We assembled the O. fasciatus genome with a total of 245.0 Gb of raw reads that were generated using both Pacific Bioscience (PacBio) Sequel and Illumina HiSeq 2000 platforms. The final draft genome assembly was approximately 778.7 Mb, which reached a high level of continuity with a contig N50 of 2.1 Mb. The genome size was consistent with the estimated genome size (777.5 Mb) based on k-mer analysis. We combined Hi-C data with a draft genome assembly to generate chromosome-length scaffolds. Twenty-four scaffolds corresponding to the 24 chromosomes were assembled to a final size of 768.8 Mb with a contig N50 of 2.1 Mb and a scaffold N50 of 33.5 Mb using 1,372 contigs. The identified repeat sequences accounted for 33.9% of the entire genome, and 24 003 protein-coding genes with an average of 10.1 exons per gene were annotated using de novo methods, with RNA sequencing data and homologies to other teleosts. According to phylogenetic analysis using protein-coding genes, O. fasciatus is closely related to Larimichthys crocea, with O. fasciatus diverging from their common ancestor approximately 70.5–88.5 million years ago.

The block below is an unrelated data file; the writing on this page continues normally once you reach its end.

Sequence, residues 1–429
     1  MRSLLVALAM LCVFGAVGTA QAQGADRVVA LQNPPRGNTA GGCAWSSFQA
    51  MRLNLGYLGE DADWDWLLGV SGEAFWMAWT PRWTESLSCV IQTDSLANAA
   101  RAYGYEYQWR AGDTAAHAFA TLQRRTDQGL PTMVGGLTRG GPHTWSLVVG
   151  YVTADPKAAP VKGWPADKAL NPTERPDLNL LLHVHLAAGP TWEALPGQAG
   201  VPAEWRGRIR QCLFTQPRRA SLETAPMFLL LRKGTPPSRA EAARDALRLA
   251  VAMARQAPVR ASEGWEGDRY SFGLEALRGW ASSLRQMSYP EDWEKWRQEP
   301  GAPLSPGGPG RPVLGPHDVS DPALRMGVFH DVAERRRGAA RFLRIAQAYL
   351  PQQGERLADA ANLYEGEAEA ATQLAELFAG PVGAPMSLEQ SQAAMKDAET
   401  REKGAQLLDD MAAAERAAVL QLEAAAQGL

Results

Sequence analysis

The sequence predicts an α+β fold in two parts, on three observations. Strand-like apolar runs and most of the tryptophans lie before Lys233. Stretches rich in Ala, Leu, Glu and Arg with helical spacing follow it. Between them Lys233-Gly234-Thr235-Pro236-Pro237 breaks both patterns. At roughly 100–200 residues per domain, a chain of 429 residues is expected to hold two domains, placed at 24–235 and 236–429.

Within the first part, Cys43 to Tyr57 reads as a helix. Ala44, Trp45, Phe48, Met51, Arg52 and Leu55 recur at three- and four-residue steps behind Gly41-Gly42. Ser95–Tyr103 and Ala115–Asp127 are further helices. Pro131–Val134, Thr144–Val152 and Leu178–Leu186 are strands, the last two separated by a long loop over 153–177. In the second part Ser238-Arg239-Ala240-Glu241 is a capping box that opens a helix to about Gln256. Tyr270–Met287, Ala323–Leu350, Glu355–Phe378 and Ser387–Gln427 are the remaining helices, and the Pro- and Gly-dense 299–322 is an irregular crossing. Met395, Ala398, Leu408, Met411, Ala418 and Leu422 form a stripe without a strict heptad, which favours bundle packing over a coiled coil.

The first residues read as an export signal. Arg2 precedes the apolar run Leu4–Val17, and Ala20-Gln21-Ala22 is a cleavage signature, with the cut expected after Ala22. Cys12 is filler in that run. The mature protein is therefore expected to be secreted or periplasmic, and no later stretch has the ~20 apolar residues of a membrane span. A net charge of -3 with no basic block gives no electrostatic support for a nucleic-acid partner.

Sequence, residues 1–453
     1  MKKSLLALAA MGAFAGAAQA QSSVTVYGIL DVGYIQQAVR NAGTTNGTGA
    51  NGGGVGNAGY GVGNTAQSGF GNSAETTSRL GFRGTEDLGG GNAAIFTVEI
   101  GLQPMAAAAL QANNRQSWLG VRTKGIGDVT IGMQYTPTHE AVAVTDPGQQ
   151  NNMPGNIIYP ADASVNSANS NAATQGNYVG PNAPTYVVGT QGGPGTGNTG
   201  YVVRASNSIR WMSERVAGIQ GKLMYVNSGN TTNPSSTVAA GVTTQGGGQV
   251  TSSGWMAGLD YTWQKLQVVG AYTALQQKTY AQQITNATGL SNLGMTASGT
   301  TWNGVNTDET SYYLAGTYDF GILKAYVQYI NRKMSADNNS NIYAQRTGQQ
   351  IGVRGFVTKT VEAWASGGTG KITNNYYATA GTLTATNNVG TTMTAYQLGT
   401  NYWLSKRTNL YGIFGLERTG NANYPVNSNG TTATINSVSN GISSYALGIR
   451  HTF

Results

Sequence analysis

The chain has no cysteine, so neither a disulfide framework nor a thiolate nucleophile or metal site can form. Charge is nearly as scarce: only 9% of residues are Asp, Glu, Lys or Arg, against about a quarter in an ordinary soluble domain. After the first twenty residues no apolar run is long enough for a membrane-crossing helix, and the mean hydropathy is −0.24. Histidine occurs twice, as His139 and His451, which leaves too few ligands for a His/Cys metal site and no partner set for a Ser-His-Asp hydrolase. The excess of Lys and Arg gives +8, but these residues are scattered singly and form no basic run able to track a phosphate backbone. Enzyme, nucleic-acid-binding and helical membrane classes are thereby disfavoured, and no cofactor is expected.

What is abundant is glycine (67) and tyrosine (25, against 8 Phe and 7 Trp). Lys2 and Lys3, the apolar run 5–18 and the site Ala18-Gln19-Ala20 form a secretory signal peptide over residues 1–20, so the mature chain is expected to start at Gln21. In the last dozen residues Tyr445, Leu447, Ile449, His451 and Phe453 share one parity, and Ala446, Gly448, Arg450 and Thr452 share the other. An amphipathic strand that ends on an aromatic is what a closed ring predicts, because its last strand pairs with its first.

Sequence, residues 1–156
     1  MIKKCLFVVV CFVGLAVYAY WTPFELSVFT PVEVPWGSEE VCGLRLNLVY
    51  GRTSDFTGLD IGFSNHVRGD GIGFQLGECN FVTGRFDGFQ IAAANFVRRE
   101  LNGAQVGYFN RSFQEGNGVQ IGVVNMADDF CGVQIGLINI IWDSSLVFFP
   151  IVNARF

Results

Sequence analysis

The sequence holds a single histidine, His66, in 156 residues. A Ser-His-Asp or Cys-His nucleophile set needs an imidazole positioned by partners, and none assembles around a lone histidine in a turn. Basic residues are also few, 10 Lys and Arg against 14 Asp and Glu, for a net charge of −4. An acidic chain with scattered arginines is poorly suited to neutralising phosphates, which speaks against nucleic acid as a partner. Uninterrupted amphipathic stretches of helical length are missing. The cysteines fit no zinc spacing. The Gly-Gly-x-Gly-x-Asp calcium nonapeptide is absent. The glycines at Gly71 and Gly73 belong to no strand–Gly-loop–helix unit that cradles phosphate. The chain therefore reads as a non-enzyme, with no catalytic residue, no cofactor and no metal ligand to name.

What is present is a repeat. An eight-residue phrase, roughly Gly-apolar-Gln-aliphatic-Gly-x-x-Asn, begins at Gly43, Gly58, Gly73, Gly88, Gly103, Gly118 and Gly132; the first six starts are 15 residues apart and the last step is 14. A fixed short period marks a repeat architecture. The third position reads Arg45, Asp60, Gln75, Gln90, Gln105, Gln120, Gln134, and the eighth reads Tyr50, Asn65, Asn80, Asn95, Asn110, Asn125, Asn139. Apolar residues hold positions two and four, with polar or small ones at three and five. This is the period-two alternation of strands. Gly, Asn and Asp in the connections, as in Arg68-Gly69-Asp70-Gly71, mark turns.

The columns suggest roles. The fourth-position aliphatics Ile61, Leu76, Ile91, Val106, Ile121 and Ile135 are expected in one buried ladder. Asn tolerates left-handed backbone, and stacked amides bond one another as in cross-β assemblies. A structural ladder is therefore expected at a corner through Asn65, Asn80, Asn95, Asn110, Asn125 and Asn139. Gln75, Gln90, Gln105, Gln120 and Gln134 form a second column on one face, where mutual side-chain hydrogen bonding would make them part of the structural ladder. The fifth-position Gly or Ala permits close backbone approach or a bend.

Conclusions

We generated a high-quality draft genome for O. fasciatus using long-read PacBio sequencing technology, which represents the first chromosome-level reference genome for Oplegnathidae species. Assembly of this genome assists research into fish sex-determining mechanisms and can serve as a resource for accelerating genome-assisted improvements in resistant breeding systems.

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<![CDATA[Draft genome sequence of Enterococcus faecium SP15, a potential probiotic strain isolated from spring water]]> https://www.researchpad.co/article/5c929a58d5eed0c484381e92

Objectives

Enterococci are Gram-positive lactic acid bacteria and common inhabitants of the gastrointestinal tract of mammals, including humans. They are also widely distributed in diverse environments such as soil, water, vegetables and food. Enterococcus faecium is able to produce antimicrobial compounds (enterocins) and thus can act as a probiotic. E. faecium SP15 is a newly identified enterocin-producing strain from spring water that has been subjected to genome sequence analysis to provide understanding of its antimicrobial and probiotic properties.

Data description